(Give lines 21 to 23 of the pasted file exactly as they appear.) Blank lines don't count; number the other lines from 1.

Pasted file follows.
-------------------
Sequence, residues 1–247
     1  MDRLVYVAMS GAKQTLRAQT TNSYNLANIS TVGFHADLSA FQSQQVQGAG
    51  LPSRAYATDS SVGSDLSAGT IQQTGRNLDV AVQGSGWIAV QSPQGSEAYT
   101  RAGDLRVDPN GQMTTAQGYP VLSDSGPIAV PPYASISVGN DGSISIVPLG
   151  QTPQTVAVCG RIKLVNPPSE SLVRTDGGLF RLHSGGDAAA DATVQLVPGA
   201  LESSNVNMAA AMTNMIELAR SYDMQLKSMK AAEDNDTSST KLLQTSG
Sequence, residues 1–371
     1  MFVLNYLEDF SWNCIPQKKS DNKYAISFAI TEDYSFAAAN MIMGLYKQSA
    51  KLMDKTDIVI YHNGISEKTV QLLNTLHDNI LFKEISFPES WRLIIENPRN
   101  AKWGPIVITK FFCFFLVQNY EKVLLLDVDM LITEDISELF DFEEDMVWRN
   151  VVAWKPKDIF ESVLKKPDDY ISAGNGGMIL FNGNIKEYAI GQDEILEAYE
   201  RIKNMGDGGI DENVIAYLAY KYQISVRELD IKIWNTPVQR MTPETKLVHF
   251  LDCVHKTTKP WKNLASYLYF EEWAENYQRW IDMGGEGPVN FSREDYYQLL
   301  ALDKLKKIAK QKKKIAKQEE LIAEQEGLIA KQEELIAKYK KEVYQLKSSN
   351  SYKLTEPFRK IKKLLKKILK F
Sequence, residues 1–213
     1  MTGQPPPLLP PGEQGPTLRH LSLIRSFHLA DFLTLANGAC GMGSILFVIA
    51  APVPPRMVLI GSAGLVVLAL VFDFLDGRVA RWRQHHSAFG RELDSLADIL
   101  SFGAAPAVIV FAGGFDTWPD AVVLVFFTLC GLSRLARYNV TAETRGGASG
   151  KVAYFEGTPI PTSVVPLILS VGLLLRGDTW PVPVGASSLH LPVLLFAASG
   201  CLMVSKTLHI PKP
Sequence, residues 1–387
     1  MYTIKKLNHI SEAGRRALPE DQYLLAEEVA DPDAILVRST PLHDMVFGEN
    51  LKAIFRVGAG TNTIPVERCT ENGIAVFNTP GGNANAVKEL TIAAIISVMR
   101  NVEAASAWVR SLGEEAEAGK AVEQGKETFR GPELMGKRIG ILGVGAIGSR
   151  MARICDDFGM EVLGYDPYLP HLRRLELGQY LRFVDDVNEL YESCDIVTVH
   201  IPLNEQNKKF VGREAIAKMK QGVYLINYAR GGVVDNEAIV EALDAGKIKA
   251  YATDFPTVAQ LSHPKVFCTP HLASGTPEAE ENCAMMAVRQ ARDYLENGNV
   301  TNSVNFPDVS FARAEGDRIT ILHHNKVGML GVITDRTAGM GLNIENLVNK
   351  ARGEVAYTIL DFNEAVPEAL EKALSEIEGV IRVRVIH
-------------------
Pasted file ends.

   201  CLMVSKTLHI PKP
Sequence, residues 1–387
     1  MYTIKKLNHI SEAGRRALPE DQYLLAEEVA DPDAILVRST PLHDMVFGEN